16th Century Danish Astronomer Tycho Brahe Exhumed

Image of Tycho Brahe from the University of Texas at Austin Department of Astronomy image collection

This is another one of those stories that comes along every so often that allows me to geek out from both the history and science perspective (and in this case, my actual career science field - astronomy!). Tycho is one of those interesting characters of science that seems to cause endless fascination, so I'm not surprised to see this. And yes, he's the one who famously had a metal replacement nose after losing the flesh one in a duel!

From The BBC:
Danish astronomer Tycho Brahe exhumed to solve mystery

Tycho Brahe was a Danish nobleman who served as royal mathematician to the Bohemian Emperor Rudolf II.

He was thought to have died of a bladder infection, but a previous exhumation found traces of mercury in his hair.

A team of Danish and Czech scientists hope to solve the mystery by analysing bone, hair and clothing samples.

Tycho was born Tyge Ottesen Brahe in 1546 in Scania, which at the time was a Danish province, and studied astronomy at the University of Copenhagen, as well as German academic institutions.

He catalogued more than 1,000 new stars and his stellar and planetary observations helped lay the foundations of early modern astronomy.

Professor Jens Vellev, from Aarhus University, is leading the team of scientists and archaeologists which opened the tomb in Tyn Church on Monday.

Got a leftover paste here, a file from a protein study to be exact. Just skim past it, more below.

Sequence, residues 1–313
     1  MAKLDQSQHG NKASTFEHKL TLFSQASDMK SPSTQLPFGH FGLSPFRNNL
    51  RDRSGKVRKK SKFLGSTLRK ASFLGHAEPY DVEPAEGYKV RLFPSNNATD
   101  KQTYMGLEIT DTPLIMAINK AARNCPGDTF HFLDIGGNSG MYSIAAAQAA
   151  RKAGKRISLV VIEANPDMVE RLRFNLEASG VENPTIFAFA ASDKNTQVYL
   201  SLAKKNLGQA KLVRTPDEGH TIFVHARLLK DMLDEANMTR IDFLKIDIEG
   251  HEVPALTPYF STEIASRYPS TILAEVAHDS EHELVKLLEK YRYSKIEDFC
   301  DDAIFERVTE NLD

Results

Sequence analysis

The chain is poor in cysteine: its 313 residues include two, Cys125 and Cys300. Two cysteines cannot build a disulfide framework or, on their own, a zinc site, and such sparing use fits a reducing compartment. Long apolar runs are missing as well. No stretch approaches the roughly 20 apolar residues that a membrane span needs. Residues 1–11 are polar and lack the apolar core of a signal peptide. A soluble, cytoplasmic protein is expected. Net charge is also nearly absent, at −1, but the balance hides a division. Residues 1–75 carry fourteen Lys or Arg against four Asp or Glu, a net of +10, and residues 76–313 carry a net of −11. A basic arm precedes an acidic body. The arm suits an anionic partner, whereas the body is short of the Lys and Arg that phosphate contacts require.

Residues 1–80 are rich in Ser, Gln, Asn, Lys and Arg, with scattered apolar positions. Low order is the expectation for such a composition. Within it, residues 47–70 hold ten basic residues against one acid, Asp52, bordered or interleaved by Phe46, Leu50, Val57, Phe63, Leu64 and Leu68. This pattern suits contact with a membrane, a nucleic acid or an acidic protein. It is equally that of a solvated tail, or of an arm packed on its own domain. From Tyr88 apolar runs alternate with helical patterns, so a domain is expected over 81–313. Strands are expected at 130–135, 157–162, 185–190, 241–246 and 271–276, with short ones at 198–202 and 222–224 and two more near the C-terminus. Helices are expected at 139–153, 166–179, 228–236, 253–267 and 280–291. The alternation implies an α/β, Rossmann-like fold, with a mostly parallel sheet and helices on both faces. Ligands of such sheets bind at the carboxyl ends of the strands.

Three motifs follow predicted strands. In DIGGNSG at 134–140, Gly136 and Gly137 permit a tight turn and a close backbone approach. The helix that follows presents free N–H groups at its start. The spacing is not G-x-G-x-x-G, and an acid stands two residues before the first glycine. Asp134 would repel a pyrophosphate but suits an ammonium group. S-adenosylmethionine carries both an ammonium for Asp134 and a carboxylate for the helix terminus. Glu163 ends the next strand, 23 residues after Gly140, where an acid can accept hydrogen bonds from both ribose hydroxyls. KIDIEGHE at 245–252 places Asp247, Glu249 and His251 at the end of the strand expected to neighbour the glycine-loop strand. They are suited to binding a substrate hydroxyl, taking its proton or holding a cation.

He says he hopes to get better samples of hair and bones than were taken in 1901.

The use of the latest technology to test the samples may also help shed more light on the mystery of the astronomer's death, although Professor Vellev is not promising anything.

"Perhaps, we will be able to come close to an answer, but I don't think we will get a final answer to that question," he said.

The scientists also hope to determine what kind of metal Brahe's prosthesis was made of - it was commonly believed to have been gold and silver, but others suggested it might have contained copper.

Full article

More articles (all of the articles have interesting pictures):
NPR: Danish Astronomer's Remains Exhumed In Prague
Scientific American: Was Tycho Brahe poisoned? 16th-century astronomer exhumed--again

And finally, a bunch of photos and some video from the research are available on the Opening of Tycho Brahe's Tomb pages from Aarhus University

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